On this particular trip, I also finally made the drive out to Coyote Springs Golf Club, a mysterious yet well known course about an hour northeast of the Strip. It's another year-round rye grass layout with tons of water, huge fairways and really interesting holes far different from your more Vegas-style desert golf. Murmurs here are that they are finally going to begin selling some real estate, and infrastructure is being prepped as we speak. The 30-40 year master plan calls for north of 100,000 homes. But for now, you can still get a great deal to play a Jack Nicklaus-designed course in sheer solitude that is still hanging around on some top 100 lists.
A few off-course observations in Las Vegas
It'd been a few years since I've been on the Las Vegas Strip. For starters, when in the heck did blackjack start paying out 6-to-5 at most lower-minimum blackjack tables? Perhaps that's why most casinos have gone to hiring go-go dancers to work the pits in order to distract you from the bad odds. You'll have to bet $25 a hand at most spots to get 3-to-2 blackjacks.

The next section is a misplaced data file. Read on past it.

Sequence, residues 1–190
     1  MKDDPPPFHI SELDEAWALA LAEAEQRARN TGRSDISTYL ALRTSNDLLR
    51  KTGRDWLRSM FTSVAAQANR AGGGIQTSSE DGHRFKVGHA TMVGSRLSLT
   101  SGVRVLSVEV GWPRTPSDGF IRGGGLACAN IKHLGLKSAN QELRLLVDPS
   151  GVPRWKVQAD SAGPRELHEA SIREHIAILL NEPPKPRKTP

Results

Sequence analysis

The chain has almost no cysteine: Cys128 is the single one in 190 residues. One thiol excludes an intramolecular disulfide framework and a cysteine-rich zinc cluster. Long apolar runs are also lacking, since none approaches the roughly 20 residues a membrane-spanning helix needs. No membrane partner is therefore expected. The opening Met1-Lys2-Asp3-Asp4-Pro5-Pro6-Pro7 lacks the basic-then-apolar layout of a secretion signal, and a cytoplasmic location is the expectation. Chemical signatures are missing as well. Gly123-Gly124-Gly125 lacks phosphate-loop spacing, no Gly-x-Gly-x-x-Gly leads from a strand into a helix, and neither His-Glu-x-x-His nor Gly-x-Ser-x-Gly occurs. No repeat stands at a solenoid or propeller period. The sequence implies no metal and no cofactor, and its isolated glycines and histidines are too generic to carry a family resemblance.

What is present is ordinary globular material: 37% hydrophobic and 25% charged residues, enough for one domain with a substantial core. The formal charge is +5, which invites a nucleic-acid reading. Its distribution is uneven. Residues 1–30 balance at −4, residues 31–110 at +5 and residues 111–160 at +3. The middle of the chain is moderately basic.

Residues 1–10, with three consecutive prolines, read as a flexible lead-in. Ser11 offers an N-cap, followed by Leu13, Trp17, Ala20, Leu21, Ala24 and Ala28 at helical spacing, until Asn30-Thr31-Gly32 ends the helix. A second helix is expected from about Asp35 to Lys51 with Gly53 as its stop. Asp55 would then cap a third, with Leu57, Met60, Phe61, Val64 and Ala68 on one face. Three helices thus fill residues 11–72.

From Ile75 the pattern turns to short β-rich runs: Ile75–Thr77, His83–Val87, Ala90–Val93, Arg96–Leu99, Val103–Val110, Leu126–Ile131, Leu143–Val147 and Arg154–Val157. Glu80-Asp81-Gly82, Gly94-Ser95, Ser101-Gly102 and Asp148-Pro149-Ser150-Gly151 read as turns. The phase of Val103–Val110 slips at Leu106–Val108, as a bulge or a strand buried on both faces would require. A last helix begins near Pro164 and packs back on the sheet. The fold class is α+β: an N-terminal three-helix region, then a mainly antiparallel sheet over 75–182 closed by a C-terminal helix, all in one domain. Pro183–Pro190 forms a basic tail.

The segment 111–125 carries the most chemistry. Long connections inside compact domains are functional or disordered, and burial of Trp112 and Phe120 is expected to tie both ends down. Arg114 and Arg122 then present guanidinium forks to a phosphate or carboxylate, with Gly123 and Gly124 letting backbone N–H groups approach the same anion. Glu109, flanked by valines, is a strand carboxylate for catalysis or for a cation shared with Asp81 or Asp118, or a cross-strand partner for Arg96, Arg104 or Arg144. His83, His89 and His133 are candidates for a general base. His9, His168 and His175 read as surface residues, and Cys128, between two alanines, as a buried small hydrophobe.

We spent an afternoon at Lagasse's Stadium, a bar and restaurant in the Venetian watching and betting on games. It's a more social atmosphere here than other sportsbooks where everyone is just staring forward in a daze at 30 monitors. You can reserve your own seating area that feels a bit like a lounge, which is good for bachelor party groups like ours. (Though with the $50 F&B minimum, you'd think they could upgrade the TVs.)
One highlight of the trip was a night out downtown. I'd been tipped off to Fremont East, a recently revitalized district, and it was a really refreshing vibe: casino dealers are friendlier, table minimums are lower, odds are better. There is a legitimate bar and restaurant scene here with the odd casino and hotel in between. When we come back to Vegas (and there's always a "next time" in Vegas), we may make this neighborhood our home base.